The other day we looked at the practice of lugging a pail for many many miles o’er the fields. I ought to have said o’er the fields and hills. Lugging a pail up and down hills is, of course, more strenuous that lugging it over comparatively flat fields, but one should not shy away from such exertion. It is character-building, if exhausting.
The hills were not the only thing I failed to mention earlier. I did not say with what the pail was filled, although I was careful to note that it was filled, via a tap, from a vat, implying that the contents of the pail was liquid in form. I also neglected to say anything whatsoever about where the pail was being lugged to, across those fields (and, as of today, hills). Obviously, were you the lugger of the pail, you would want to know where you were going, and to be able to identify your destination so that you knew you had reached it, when you reached it.
My failure to mention these significant matters is in some ways akin to a piece of prose that begins, and proceeds, without any clear idea of its eventual ending. The danger there is that the passage of prose might just peter out, fruitlessly and pointlessly, thus frustrating the reader and laying the writer open to charges of rigmarole and fol-de-rol. Some writers would not bat an eyelid to be so accused, but some would, and they might even weep or quake, or weep and quake. If you have ever seen a weeping and quaking writer you will know what an awful spectacle it presents, one you will want to banish from your mind as quickly as possible.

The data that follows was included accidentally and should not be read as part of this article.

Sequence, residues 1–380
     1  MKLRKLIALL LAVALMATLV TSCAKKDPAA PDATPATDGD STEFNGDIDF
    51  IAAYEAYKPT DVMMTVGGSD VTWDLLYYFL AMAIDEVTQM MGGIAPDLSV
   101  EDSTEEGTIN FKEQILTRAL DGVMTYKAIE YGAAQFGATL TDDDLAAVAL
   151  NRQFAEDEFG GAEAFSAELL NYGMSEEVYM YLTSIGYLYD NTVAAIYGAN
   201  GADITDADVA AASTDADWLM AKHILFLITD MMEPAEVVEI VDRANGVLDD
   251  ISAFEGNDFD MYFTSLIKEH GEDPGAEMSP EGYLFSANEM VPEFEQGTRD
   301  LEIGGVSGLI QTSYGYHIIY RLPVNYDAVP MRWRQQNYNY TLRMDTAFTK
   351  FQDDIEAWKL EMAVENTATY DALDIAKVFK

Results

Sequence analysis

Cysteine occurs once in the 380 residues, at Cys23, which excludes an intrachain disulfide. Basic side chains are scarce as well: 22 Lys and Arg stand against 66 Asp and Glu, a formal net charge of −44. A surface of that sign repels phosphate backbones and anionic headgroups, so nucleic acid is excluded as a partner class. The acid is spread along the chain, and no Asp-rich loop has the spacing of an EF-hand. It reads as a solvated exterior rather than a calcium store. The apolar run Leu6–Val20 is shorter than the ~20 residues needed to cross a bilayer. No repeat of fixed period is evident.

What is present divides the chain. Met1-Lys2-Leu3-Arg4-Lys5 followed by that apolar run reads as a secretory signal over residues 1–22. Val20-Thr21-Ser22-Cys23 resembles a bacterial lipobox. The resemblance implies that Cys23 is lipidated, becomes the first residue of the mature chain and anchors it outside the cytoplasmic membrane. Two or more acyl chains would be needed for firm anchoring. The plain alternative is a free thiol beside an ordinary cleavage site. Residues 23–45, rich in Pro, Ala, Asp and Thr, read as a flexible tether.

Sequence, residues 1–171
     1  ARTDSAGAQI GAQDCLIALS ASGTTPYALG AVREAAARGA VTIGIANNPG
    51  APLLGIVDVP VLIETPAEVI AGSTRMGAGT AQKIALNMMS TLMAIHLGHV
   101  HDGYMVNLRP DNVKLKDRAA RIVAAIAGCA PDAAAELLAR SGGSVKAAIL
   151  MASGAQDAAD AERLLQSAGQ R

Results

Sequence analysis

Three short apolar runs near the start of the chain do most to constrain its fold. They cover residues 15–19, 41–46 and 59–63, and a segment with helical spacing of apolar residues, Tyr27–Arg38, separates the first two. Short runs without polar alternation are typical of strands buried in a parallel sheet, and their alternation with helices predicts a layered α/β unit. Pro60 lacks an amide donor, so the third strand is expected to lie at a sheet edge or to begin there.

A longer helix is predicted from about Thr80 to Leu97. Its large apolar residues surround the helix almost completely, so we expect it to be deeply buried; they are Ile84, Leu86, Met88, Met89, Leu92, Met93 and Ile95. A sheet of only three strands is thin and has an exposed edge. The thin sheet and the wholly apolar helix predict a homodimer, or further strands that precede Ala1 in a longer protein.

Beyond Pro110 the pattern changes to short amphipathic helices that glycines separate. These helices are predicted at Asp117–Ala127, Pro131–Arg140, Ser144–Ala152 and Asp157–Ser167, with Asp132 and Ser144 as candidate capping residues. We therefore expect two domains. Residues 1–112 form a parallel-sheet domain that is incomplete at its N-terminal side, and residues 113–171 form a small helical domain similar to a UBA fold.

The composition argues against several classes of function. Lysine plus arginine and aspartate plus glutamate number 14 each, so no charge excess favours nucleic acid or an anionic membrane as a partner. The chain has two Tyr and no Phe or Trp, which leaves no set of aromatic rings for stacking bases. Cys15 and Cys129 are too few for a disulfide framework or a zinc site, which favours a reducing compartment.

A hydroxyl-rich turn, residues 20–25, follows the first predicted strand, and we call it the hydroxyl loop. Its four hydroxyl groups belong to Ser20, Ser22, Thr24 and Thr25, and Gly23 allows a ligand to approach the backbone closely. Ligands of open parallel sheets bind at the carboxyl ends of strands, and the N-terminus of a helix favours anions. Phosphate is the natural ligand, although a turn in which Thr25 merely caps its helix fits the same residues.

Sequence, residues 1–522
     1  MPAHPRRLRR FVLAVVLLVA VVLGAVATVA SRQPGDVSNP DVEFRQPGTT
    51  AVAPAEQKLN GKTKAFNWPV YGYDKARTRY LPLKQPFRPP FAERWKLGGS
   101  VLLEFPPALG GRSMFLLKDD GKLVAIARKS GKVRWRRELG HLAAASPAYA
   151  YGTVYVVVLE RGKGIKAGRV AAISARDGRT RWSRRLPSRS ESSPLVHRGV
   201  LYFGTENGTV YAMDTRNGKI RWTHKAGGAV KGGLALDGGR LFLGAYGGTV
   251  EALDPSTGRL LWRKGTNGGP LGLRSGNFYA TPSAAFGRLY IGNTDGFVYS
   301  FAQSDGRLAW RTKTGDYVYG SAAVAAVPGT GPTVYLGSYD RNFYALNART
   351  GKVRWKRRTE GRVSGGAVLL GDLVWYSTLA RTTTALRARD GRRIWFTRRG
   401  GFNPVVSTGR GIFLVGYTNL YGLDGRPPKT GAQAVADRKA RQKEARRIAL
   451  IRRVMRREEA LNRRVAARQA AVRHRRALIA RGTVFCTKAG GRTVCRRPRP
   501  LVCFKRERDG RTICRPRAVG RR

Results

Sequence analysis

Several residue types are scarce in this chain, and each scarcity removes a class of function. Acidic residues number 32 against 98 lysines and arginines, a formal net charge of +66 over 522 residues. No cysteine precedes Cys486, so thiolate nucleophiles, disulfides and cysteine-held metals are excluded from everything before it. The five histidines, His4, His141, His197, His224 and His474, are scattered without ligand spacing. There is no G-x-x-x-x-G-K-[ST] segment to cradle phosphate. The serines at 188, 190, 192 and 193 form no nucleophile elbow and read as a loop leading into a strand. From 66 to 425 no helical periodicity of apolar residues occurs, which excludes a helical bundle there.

We need not bother our heads about the frustrated reader, however, because they are two a penny. Readers become frustrated all the time, by all sorts of infelicities and annoyances and crimes committed by writers. But the frustrated reader is always in a position to toss aside, contemptuously, the frustrating reading matter, and to read something else, or not to read anything at all, for a while. Let us shed no tears, then, for the reader, who can pick and choose among literally millions of things to read, or probably billions, the lucky pups.
In our analogy the reader is lugging a pail o’er the fields and hills without any clear idea where they are going. Well, quite frankly, who gives a damn where they are going? They have picked up the pail and they are lugging it, with all their strength, panting and perspiring, close to collapse, but pressing on, ever on, with no end in sight, because that is how it is, in the world of belles-lettres pail lugging, daddy-o.